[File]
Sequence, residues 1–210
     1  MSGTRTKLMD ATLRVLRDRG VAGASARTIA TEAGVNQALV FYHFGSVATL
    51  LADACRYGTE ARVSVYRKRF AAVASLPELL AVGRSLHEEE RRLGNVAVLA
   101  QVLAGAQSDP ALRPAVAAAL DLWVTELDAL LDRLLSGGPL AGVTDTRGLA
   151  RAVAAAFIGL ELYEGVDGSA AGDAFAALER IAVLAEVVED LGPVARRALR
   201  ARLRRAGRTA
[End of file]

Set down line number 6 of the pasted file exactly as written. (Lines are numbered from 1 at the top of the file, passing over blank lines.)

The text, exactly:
   201  ARLRRAGRTA